Brown adipose tissue: a factor to consider in symmetrical tracer uptake in the neck and upper chest region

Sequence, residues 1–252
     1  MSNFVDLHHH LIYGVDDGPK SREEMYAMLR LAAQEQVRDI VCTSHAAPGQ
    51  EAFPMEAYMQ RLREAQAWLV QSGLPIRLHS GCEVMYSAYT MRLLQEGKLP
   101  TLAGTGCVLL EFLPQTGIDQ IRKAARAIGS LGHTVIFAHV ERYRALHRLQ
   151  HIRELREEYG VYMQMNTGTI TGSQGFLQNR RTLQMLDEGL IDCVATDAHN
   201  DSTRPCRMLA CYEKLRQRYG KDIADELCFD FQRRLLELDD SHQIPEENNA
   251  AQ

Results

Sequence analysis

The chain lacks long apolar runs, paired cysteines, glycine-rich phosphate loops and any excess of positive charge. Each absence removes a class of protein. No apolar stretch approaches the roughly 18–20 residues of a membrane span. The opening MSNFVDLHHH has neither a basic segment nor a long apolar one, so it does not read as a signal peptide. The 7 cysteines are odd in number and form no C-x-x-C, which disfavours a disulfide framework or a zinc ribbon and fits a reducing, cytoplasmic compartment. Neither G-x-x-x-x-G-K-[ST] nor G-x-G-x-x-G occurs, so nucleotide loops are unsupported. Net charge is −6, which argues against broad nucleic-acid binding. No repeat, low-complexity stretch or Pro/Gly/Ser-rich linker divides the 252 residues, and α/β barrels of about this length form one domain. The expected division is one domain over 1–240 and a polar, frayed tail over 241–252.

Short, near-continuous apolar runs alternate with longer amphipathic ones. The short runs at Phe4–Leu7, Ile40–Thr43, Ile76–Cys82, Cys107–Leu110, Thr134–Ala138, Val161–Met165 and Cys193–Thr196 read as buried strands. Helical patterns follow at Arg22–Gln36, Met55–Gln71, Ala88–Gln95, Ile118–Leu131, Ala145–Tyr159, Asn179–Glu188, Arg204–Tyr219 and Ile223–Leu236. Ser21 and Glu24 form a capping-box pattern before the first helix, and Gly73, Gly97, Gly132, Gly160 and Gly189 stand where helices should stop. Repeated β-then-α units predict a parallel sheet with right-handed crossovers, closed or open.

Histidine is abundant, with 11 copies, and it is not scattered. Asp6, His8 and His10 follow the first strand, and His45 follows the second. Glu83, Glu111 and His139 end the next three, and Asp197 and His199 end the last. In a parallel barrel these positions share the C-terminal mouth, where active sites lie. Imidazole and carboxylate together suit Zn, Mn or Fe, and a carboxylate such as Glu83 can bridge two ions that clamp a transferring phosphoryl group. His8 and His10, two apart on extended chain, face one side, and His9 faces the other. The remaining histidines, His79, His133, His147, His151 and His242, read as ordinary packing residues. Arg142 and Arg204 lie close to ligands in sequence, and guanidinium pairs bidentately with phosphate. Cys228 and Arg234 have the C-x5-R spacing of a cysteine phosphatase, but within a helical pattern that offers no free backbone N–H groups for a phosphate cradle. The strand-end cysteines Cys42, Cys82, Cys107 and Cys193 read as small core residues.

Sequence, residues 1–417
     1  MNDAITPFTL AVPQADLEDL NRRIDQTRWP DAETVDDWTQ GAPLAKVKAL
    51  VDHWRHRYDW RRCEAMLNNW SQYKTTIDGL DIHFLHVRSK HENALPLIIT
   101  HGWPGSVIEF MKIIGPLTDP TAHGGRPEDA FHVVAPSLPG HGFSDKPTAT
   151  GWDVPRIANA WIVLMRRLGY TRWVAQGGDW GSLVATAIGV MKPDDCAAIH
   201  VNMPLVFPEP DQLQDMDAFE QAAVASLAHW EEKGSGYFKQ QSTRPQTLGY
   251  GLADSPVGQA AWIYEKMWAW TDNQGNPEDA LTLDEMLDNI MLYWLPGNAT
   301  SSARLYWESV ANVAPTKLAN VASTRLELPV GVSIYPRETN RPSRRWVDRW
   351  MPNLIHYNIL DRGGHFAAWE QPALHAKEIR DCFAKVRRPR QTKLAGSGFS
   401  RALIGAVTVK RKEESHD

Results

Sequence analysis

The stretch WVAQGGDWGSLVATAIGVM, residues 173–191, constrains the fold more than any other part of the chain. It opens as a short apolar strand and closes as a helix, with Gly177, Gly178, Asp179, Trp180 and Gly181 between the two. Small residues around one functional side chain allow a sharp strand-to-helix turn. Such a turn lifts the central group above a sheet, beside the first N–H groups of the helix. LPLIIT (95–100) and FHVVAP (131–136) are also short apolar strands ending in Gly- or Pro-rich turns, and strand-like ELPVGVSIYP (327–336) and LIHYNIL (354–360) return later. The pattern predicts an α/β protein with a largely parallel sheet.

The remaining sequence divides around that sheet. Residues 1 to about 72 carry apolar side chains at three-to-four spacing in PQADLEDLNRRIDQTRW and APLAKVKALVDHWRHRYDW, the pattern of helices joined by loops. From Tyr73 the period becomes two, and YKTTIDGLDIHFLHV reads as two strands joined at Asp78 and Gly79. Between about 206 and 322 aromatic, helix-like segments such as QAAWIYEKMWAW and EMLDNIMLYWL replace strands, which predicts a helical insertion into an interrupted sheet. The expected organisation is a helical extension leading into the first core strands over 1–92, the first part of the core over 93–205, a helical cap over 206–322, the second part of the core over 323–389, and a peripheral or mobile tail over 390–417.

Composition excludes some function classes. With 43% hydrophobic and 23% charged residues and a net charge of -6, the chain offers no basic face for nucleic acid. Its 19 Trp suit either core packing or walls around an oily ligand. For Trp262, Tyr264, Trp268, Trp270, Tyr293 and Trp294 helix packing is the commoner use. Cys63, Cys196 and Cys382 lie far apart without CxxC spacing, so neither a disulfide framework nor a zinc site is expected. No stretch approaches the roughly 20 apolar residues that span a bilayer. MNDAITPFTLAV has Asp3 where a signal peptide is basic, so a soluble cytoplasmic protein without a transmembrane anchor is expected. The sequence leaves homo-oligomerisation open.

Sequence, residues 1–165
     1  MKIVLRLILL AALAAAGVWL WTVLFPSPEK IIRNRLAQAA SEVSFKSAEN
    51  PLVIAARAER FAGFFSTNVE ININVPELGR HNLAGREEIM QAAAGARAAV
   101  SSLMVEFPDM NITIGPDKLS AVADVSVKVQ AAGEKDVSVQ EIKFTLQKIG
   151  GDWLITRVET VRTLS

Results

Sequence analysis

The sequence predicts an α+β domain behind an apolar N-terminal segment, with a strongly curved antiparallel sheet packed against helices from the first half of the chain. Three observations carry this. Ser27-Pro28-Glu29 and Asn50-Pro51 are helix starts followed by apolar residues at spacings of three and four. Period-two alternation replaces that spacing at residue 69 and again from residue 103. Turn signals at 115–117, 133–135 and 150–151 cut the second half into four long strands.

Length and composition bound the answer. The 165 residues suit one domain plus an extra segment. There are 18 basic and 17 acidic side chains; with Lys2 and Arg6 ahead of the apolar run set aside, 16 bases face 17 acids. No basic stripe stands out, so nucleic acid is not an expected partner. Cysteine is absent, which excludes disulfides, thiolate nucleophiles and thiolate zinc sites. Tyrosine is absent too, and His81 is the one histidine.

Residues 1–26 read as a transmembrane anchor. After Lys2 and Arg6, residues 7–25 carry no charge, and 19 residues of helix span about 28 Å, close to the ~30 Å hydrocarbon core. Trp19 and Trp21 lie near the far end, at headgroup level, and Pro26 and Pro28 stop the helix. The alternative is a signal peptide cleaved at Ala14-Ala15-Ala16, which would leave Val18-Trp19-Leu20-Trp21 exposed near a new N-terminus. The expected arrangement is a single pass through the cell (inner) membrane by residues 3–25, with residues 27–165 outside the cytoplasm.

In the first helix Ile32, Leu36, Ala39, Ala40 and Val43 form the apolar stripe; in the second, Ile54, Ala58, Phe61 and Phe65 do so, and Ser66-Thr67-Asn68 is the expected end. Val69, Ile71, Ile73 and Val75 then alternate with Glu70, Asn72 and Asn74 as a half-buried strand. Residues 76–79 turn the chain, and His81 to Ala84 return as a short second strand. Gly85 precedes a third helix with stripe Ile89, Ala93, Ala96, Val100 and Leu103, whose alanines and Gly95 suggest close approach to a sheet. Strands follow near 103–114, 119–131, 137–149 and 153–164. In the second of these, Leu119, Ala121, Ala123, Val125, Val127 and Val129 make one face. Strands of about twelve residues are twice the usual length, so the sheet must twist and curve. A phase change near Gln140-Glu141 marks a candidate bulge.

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Increased symmetrical fluorine-18 fluorodeoxyglucose (FDG) uptake in the cervical and thoracic spine region is well known and has been attributed to muscular uptake. The purpose of this study was to re-evaluate this FDG uptake pattern by means of co-registered positron emission tomography (PET) and computed tomography (CT) imaging, which allowed exact localisation of this uptake. Between April and November 2001, 638 consecutive patients referred for PET/CT were imaged on an in-line PET/CT system (GEMS). This system combines an advanced GE PET scanner and a multirow-detector computer tomograph (Lightspeed, GEMS). The examination included PET with FDG and one CT acquisition with 80 mA. For CT, the following parameters were used: 140 kV, 80 mA, reconstructed slice thickness 5 mm, scan length 867 mm, AT 22.5 s. CT data were used for attenuation correction as well as image co-registration. Image analysis was performed on an Entegra work-station (ELGEMS). All patients with symmetrical uptake within the neck, thorax and shoulder regions were selected and the exact localisation of uptake determined (muscle, bone, fatty tissue or articulation). In 17 of the 638 patients (2.5%), increased, symmetrical FDG uptake in the shoulder region in a typical pattern was found. If extensive, this pattern included FDG activity comparable to brain activity in the lower cervical spine, the shoulder region and the upper thoracic spine in the costovertebral region. A less extensive pattern only involved intermediate FDG uptake in the lower cervical spine and shoulder region or in the shoulder region alone. In seven female patients (average 32.3 years), the extensive uptake pattern was seen. The average body mass index (BMI) was 19.0 (range 16.8–23.4). In the other ten patients (two male, eight female, average age 37.1 years), the average BMI was 22.7 (18.7–27.7). In all patients, the soft tissue uptake was clearly localised within the fatty tissue of the shoulders as demonstrated by PET/CT co-registration. The uptake in the region of the thoracic spine was localised in the region of the costovertebral joints. Symmetrical FDG uptake in the shoulder, neck and thoracic spine region is probably related to uptake in adipose tissue, especially in underweight patients. Hypothetically, this FDG uptake could represent activated brown adipose tissue during increased sympathetic nerve system (SNS) activity due to cold stress.
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